John Lord, Founder of the Centre for Community Based Research, discusses Canada’s existing policy and practice framework for individualized funding for people with disabilities and highlights pockets of excellence that show promise for the future.
John Lord describes Independent Facilitation as part of the Citizenship Conference in Vancouver in October, 2015
This Belonging Lens was presented at the New Story Group on Waterloo Region on October 15, 2013. The event was part of a two part series called Building a Community of Belonging: It Starts with Conversation.
Click here to see the Belonging Lens
MAY 22 Inclusion PRESENTATION [Compatibility Mode] Enhancing Social Inclusion. A keynote address of the key elements that enhance social inclusion.
John identifies three key elements; the right values and principles, the right intentions and strategies, and the right facilitation. These ideas are grounded in the New Story and challenges us to think intentionally and critically about how to build inclusive communities.
The New Story challenges us to reflect on how we live and act in the world. Many questions emerge when we consider the idea that everyone should be able to access an everyday life. This thinking impacts our attitudes and our willingness to create welcoming neighbourhoods and communities.
We can think of the New Story as a narrative with citizenship at the core. When we can live full lives as citizens, we embrace diversity and participate with others in a range of community experiences. Our labels or disabilities should not limit the way we participate and contribute. Too many citizens have been silenced because of negative attitudes and structural barriers. New Story advocates work to reduce these barriers, while at the same time developing community alternatives that enable everyone to experience an everyday life.
Family networks and independent facilitation are examples of community alternatives that enhance the New Story. When combined with individualized funding, these new functions contribute significantly to building the resilience of individuals and families. Independent Facilitation is especially powerful when facilitators work from an inclusion framework that includes self-determination and community.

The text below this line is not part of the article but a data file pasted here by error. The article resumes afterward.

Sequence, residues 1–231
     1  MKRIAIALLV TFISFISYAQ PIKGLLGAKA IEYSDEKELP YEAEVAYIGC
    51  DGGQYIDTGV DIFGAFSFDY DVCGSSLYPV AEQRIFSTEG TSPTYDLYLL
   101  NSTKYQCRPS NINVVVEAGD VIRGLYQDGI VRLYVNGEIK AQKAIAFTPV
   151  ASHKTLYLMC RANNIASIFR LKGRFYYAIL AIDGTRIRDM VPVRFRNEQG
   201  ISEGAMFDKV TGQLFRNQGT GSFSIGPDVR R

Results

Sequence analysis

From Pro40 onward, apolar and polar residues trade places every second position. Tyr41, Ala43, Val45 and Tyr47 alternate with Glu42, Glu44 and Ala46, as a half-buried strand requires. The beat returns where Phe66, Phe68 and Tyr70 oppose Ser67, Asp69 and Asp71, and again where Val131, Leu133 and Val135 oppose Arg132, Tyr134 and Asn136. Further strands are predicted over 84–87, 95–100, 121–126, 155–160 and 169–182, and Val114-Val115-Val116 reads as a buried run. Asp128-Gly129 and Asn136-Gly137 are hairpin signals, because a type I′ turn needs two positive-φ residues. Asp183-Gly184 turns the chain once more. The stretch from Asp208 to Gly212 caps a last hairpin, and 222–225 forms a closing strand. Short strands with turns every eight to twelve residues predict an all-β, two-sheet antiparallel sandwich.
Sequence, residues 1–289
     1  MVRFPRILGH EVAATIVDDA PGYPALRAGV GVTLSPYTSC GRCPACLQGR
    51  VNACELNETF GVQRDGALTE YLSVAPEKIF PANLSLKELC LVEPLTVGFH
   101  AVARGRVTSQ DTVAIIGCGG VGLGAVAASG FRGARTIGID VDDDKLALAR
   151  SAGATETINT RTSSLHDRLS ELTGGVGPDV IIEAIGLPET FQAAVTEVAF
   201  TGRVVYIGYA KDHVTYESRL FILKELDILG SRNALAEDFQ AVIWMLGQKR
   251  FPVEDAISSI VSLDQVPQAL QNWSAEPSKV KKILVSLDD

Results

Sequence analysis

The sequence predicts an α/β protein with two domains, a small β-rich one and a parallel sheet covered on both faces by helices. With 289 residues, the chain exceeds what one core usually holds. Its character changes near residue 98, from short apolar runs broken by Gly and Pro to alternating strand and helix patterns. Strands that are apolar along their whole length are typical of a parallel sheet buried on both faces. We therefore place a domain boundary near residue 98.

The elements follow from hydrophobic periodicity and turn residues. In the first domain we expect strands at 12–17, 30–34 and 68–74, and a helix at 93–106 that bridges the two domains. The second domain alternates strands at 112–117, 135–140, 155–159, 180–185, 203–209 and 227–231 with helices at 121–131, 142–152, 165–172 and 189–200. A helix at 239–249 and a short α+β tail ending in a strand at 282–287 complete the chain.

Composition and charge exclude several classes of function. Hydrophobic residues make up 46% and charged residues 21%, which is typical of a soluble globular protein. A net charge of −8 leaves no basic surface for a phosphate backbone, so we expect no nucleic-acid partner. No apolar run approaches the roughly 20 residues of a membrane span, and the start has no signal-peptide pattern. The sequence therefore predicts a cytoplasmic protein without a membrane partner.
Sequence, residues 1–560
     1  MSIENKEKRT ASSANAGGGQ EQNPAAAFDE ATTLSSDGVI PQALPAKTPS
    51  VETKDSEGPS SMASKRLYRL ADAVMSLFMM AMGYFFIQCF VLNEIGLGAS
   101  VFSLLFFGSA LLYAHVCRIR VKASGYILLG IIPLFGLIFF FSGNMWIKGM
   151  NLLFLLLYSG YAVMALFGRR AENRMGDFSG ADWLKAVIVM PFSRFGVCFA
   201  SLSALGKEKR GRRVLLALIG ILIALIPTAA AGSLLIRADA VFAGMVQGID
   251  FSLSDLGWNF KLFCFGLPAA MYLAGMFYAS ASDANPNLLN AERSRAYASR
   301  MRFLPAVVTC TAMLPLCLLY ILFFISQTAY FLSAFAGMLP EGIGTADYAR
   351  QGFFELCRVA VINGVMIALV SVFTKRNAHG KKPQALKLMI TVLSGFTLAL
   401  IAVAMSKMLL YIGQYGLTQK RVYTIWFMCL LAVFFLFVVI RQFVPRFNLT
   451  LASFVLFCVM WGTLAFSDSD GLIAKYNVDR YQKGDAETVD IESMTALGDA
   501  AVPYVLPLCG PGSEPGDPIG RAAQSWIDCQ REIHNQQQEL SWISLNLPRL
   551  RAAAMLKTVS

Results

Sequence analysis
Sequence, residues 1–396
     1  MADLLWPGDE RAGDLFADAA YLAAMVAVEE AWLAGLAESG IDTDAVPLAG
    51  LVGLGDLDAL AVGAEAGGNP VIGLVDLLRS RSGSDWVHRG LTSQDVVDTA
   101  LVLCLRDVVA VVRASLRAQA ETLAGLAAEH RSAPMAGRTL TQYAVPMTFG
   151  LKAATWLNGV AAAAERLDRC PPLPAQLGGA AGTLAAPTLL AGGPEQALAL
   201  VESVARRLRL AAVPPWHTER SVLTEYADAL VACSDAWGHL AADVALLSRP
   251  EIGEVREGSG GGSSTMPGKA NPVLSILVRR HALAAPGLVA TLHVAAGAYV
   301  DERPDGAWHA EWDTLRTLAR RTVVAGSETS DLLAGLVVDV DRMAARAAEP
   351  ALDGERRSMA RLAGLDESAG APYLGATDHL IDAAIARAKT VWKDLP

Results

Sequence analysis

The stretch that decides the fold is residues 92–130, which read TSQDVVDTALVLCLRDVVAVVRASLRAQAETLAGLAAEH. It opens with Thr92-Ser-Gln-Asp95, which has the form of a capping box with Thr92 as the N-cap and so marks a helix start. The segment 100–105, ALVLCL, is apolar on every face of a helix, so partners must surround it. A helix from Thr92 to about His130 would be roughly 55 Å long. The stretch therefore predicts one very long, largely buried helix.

John Lord, Peggy Hutchison, and Brian Salisbury have a chapter in a New British book called Direct Payments.
Independent Facilitation and what really matters in a New Story
Independent facilitation frees facilitators to be dedicated to citizens who experience vulnerability because of labels, disability, chronic illness, poverty, or aging. Facilitators are independent of biases from others such as service systems and funding bodies.
Order the book here – http://www.inclusion.com/bkfacilitating.html
Independent facilitation puts belief and hope in community because that is where relationships and safeguards play out for all of us.
Independent facilitation builds resilience and capacity in individuals, families, and communities.
Independent facilitation flourishes when it is embedded in community, in facilitator networks, and is supported by local action and government policy.
This book is for people like us, people who want to make a difference, who want to feel free to be dedicated to a person; to citizens who experience vulnerability. People who want to use an effective process that is a change maker. Independent facilitation is an emerging craft. Facilitators in the New Story believe that community is always the answer. We reject approaches that do not lead people to relationships in their community. And while independent facilitation may touch the service system to access supports for a person, it is independent of agendas, expectations, and accountabilities of service systems.
John, Barbara & Charlotte
This book is an examination of various perspectives on disability that provide insightful discussion on the current need for social innovation to move vulnerable citizens from areas of exclusion to social inclusion. It offers a straightforward approach to addressing the organizational strategies that have been used in the past and highlighting areas for change.
2nd Edition can be purchased here.
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This is a story of resilience and possibilities, as people with disabilities take charge of their own lives and work with others to create positive change in their community. This book highlights 25 years of the Independent Living movement in Canada. It shows how the move to citizenship and consumer direction has had an enormous impact on the lives of Canadians with disabilities.
Order the book here – http://www.ilcanada.ca/upload/documents/bilingual-book-order-form—2011.pdf